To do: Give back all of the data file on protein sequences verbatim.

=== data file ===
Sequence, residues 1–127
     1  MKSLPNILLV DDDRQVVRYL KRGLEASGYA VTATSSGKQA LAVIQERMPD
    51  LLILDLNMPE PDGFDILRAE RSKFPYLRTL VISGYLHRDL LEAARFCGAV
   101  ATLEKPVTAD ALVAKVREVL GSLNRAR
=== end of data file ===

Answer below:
Sequence, residues 1–127
     1  MKSLPNILLV DDDRQVVRYL KRGLEASGYA VTATSSGKQA LAVIQERMPD
    51  LLILDLNMPE PDGFDILRAE RSKFPYLRTL VISGYLHRDL LEAARFCGAV
   101  ATLEKPVTAD ALVAKVREVL GSLNRAR